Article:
OK on to the second Kamigawa deck. This time it will be all about Ninjas and I must admit beforehand that I am a tiny bit proud of the following deck, as I think I came up with quite a creative, unique and not “net-decked” approach to Ninjas and making great use of their “trademark” ability Ninjutsu. So here comes Blue Green Ninjas (Note that there are some Mirrodin block cards in the following decklists as I used to play this when the Kamigawa and first Mirrodin block were Standard Format!):

Blue-Green Ninjas (Modern Format):


4 x Ornithopter 0

4 x Birds of Paradise 0

4 x Mistblade Shinobi 2U

2 x Walker of Secret Ways 2U

4 x Ninja of the Deep Hours 3U

2 x Throat Slitter 4B

3 x Higure, the Still Wind 3UU

3 x Eternal Witness 1GG


3 x Bramblecrush 2GG

3 x Plow Under 3GG


4 x Shuriken 1

2 x Umezawa’s Jitte 2


4 x City of Brass

8 x Forest

8 x Island

2 x Swamp

About the Deck:

Well as I mentioned already I am quite fond of this deck as it is my very own creation making use of the Ninjutsu ability native to many Ninja creatures in Kamigawa in an unusual way. I played this deck when the Kamigawa and (first) Mirrodin block defined the Standard Format, hence, cards from both these blocks characterize the above deck. I only added the new Bramblecrush to the mix of old cards.

So what is this deck all about and how is it supposed to work (and win)?

As I already mentioned this deck makes heavy use of the Ninjustsu ability many Ninjas from the Kamigawa block possess. For those who aren’t familiar with it, I shall explain how it works:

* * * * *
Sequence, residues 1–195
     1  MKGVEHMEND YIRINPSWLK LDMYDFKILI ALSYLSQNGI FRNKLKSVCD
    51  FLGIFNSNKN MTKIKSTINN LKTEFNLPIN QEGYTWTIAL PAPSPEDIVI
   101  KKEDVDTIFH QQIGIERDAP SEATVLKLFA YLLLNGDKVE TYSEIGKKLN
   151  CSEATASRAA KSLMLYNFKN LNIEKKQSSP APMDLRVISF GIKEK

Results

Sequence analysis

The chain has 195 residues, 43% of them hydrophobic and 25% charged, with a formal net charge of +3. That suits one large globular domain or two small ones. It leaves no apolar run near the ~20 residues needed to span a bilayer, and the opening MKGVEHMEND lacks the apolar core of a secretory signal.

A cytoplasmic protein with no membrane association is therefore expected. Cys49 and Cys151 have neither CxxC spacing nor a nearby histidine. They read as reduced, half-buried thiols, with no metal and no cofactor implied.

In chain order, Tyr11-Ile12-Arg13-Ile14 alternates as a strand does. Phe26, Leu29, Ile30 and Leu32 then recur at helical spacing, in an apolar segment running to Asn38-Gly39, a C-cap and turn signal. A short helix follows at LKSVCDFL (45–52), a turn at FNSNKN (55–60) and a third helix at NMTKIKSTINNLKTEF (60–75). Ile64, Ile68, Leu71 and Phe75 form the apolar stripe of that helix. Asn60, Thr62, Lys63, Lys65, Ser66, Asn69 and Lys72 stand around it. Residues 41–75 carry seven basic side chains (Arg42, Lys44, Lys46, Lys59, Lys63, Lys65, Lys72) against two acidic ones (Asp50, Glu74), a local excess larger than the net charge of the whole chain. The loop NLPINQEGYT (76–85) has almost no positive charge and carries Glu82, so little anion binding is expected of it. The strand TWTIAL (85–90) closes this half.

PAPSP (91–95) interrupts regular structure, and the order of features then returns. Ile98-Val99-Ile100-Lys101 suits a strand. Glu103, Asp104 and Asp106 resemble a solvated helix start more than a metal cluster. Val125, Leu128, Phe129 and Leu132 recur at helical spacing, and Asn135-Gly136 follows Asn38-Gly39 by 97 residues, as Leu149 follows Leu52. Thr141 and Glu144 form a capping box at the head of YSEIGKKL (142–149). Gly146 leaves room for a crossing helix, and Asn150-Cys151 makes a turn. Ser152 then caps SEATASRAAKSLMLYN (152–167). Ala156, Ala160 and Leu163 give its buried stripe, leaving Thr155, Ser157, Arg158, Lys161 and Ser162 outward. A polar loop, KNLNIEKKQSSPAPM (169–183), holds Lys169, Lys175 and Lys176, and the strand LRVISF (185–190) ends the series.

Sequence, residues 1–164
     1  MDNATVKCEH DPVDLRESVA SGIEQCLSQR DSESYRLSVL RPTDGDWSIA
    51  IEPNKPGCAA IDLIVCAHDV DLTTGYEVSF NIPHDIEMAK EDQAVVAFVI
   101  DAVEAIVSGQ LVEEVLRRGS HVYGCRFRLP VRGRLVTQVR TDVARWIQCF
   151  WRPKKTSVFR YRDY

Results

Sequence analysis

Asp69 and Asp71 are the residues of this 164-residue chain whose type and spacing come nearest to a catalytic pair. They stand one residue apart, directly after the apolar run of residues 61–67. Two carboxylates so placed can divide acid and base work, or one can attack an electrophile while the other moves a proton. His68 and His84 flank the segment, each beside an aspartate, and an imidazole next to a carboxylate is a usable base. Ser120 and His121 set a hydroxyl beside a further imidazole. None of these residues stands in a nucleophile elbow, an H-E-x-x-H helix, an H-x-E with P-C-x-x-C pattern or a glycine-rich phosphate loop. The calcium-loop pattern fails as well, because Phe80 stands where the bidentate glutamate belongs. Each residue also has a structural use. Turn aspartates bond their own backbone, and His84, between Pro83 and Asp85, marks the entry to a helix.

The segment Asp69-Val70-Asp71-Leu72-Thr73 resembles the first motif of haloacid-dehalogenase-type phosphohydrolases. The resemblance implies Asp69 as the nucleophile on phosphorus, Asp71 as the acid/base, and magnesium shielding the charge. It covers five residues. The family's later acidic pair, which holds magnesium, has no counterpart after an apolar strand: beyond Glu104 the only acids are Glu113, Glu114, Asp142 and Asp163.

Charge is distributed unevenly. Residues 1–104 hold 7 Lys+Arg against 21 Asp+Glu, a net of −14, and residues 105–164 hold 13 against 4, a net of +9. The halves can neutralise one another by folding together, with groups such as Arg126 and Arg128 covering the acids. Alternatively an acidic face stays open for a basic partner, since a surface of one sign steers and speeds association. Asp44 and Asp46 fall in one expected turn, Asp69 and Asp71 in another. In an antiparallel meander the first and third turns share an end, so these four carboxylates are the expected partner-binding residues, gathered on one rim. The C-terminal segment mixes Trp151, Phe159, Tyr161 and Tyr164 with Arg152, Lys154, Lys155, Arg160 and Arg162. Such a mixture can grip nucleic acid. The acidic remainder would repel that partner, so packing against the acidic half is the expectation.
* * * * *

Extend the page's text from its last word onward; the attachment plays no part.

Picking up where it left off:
Whenever one of your Creatures attacks and is unblocked and you got a creature with Ninjutsu in your hand, you can exchange the attacking creature with the Ninjutsu creature from your hand by paying its Ninjutsu cost. This is after blockers have been assigned (or not) and before damage is dealt. Here’s an example:

So if you pay 1U and return an unblocked attacking creature you control to your hand, you get to put Ninja of the Deep Hours into play tapped and attacking. Says so right on the card above!

So this deck runs an assortment of Ninjutsu Creatures:

  • Mistblade Shinobi is a 1/1 with Ninjutsu U, that returns an opponent creature to their hand when it deals combat damage.
  • Walker of Secret Ways’ Ninjutsu ability is negligible (you get a look at the opponent’s hand when it deals combat damage) but it has a great secondary ability: At the cost of 1U you can return a Ninja from play to your hand. This can be tremendously useful to use Ninjutsu abilities of various Ninjas again and again.
  • Ninja of the Deep Hours as seen above is a great way to draw some additional cards.
  • Throat Slitter, the only non-blue Ninja in the deck (it’s black), destroys target non-black creature when it deals combat damage to a player at the Ninjutsu cost of 2B.
  • Higure, the Still Wind is the big badass boss of Ninjas: He is a 3/4 playable via Ninjutsu by paying 2UU and whenever he deals combat damage to a player you get to fetch any Ninja from your deck and put it into your hand. Great for searching out the one Ninja you need the most at any given point. And if that would not be awesome enough in and off itself, Higure makes any Ninja unblockable for one turn at the mere cost of 2 generic mana. How tremendously convenient!

Besides the actual Ninjas, I am running some other, non-Ninja creatures as well. 8 of them are in the deck to actually enable you to get your Ninjas out via Ninjutsu, namely Ornithopter and Birds of Paradise. Without wanting to praise myself any more, I think these two do a great job in this deck as “Ninjutsu-enablers”: